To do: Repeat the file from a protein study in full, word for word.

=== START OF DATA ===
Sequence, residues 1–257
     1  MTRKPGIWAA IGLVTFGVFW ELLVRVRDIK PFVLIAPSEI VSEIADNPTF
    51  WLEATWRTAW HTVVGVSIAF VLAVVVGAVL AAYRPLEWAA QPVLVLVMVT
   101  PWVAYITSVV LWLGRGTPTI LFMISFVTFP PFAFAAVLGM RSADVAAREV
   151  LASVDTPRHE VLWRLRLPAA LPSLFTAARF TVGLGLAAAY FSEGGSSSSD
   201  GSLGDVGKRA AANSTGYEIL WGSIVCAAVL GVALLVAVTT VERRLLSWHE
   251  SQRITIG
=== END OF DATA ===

Sequence, residues 1–257
     1  MTRKPGIWAA IGLVTFGVFW ELLVRVRDIK PFVLIAPSEI VSEIADNPTF
    51  WLEATWRTAW HTVVGVSIAF VLAVVVGAVL AAYRPLEWAA QPVLVLVMVT
   101  PWVAYITSVV LWLGRGTPTI LFMISFVTFP PFAFAAVLGM RSADVAAREV
   151  LASVDTPRHE VLWRLRLPAA LPSLFTAARF TVGLGLAAAY FSEGGSSSSD
   201  GSLGDVGKRA AANSTGYEIL WGSIVCAAVL GVALLVAVTT VERRLLSWHE
   251  SQRITIG